Whenever Jackie and I are planning a trip to London (which is as often as possible), we check to see what’s playing at the Almeida Theatre in the Islington district just north-east of the city center. The show frequently appeals to us, either because of the play itself or because of the cast and director, so we generally find ourselves up there a couple of times a year.
For after-theater supper, we used to despair of the somewhat awkward French restaurant right across the street: The Almeida. Then a couple of years ago the owners – the D&D London restaurant group – revamped the dining room and engaged a new chef, Tommy Boland; the food and service blossomed, and with it our fondness for the place, as I wrote for HuffPost at the time.
Mr. Boland later moved on, and in April 2017, after a major renovation, everything changed again. The Calabrian-born chef Francesco Mazzei has taken charge of the kitchen at what is now called Radici (Roots). We were much taken with the cooking at his former restaurant l’Anima, though its stark décor and noisy acoustic were a deterrent for us. In 2015 he set up shop at Sartoria (on Savile Row and under the same D&D umbrella) and continues there to produce stylish Italian food that’s at once refined and gutsy in luxuriously comfy surroundings.
Radici, on the other hand, is more informal than luxurious, though the large space is comfy enough for me with its bare tables and its calculatedly mismatched chairs. It isn’t a hushed restaurant, but the noise is mostly that of people having a good time. The staff is able, quick-witted, well informed about food and drink – and exuberantly friendly: the woman at the front door greeted us like old pals, not in a hokey way but in a manner that made us feel welcome and comfortable.
The food is exuberant and friendly too, if this can be said of something to eat. There are certainly plenty of southern Italian flavors, and these tend to make people happy. To call it home-style cooking would not do justice to Mr. Mazzei’s professionalism, but some dishes have something of the Italian grandmother about them. There are, for instance, spicy meatballs – listed as an antipasto, and served in a portion easily large enough to share or to eat as a main dish with a side order of, say, potato gattò (from the French gâteau): a Calabrian/Neapolitan potato cake enriched with cheese. And there’s spicy chicken Calabrese, which in Little Italys across the United States would probably, and wrongly, be called chicken cacciatore.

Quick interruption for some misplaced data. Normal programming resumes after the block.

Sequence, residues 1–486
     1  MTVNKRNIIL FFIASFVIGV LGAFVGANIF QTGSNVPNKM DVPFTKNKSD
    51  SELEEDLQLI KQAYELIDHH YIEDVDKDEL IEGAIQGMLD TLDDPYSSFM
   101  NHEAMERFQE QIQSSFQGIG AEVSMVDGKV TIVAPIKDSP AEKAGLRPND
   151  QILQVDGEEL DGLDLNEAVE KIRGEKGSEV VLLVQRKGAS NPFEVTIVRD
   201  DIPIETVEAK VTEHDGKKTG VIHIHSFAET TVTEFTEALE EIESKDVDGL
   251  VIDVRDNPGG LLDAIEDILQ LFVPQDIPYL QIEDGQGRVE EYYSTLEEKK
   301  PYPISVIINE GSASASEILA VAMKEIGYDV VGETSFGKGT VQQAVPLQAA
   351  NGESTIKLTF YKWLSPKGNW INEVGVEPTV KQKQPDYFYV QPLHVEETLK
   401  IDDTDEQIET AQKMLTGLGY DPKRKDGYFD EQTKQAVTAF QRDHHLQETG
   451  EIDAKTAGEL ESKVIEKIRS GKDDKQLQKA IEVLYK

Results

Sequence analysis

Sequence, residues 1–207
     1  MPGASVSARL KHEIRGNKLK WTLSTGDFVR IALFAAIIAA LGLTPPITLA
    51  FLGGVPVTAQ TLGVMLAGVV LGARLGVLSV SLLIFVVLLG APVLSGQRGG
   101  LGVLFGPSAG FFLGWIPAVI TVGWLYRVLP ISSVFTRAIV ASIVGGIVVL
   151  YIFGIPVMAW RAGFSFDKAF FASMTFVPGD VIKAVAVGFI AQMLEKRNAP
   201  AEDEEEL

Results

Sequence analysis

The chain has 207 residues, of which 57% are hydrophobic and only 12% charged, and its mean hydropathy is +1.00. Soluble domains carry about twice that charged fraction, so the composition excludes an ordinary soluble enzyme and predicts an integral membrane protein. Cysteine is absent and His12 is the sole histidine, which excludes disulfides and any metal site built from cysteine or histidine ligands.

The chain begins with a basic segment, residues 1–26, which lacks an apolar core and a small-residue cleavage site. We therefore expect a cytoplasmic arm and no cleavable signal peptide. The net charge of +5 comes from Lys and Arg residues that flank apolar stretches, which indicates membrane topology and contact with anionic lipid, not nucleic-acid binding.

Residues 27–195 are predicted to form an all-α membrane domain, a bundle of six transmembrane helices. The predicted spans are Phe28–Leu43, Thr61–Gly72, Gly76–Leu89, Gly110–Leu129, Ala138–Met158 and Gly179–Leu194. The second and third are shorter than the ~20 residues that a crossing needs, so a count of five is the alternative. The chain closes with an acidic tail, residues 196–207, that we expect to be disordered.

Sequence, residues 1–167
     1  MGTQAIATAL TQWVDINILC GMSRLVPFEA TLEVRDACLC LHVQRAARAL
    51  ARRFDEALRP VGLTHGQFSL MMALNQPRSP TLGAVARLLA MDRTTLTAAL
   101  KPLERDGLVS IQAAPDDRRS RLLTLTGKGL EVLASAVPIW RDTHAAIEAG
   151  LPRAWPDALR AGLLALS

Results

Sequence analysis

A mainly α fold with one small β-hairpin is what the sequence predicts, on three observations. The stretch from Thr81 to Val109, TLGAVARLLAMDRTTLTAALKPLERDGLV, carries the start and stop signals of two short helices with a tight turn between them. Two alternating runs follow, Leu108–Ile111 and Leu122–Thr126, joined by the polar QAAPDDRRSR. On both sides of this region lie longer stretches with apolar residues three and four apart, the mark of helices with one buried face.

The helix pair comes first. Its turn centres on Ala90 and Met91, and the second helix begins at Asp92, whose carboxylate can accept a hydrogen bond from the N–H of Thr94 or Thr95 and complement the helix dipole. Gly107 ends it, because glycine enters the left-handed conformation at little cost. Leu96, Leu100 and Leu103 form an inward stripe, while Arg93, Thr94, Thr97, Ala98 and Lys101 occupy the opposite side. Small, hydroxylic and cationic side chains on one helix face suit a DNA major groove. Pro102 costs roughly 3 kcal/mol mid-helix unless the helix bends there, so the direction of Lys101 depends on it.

There are pizzas, made with excellent ingredients and beautifully baked in a wood-fired oven (other dishes are cooked in it too). We had a plain Margherita, which had all the virtues of Neapolitan pizza, simultaneously soft and chewy, with a puffed rim leopard-mottled from the heat of the oven and a center that grew soft and juicy as it took in the oil and sauce (good sauce – not just the plain tomatoes that purists might insist on, which is fine by me). The other pizzas are more creative but not pushed over the top by excess. Next time we’re in the restaurant, I’ll have my eye on the Siciliana, which suggests the flavors of pasta alla Norma: eggplant/aubergine and salted ricotta, in this instance smoked. Or maybe the ’nduja-and-chili Calabrese, because we know from Mr. Mazzei’s other restaurants that he has a way with ’nduja. (There’s no reason you couldn’t come to Radici and order just pizza and a beer.)
If you haven’t guessed already, main courses tend toward the hearty: calf’s liver rolls stuffed with pancetta, garlic and sage; that spicy chicken; smothered salt cod and potatoes. There is a lighter side too: we ate perfectly grilled prawns/shrimp with a gentle herbed oil-and-vinegar dressing and a little salad of pea shoots. As a side dish, we tried, but failed, to finish a giant haystack of fried shoestrings of zucchini/courgettes – which stayed crisp throughout the meal, so canny was the coating and frying.
Of course there is pasta, including ricotta-filled cannelloni and a lasagna variant using beef ragù, as well as vegetable and seafood options. We didn’t eat any the night we were there, however, because that would have left no room for pizza, much less dessert. What we did eat was something I wouldn’t have ordered if a friend hadn’t told us not to miss it: a pre-antipasto snack of peas in their pods, lightly oiled, grilled and salted, with a spritz of lemon added at the table. These were fantastic and fun to eat: You slip the pod into your mouth, then pull it out, using your teeth and lips to ease the sweet peas out and simultaneously scrape and suck off some of the char, oil and salt on the surface of the pod.
We were wise to save room for dessert: a babà was soaked in an aromatic syrup flavored with bergamot citrus (the source of the perfume of Earl Grey tea), and a wedge of fragile pistachio cake had a true flavor of ground nuts.
We drank a house variant on the Negroni made with pale rather than red ingredients, followed by a carafe of what else but Calabrian wine, which is well represented on the appealing list.
Islington is full of places to eat and drink that are open late, most of them hectic and unreliable. But there are now several good options for post-Almeida-Theatre supper (or lunch or dinner without theater) in a real restaurant, including Bellanger, the deservedly popular Parisian-Alsatian brasserie a few minutes’ walk down the main street (as opposed to the 20-second walk to Radici). I suppose we’ll alternate between the two, or flip a coin before booking our table.
Radici. 30 Almeida Street, London N1 1AD; +44 (0) 20 7354 4777; http://www.radici.uk/. Pizza and pasta dishes £8 to £13 ($10 to $16.50); a big dinner for two, with some dishes shared, might total £80 ($100), not including wine. Closed Monday.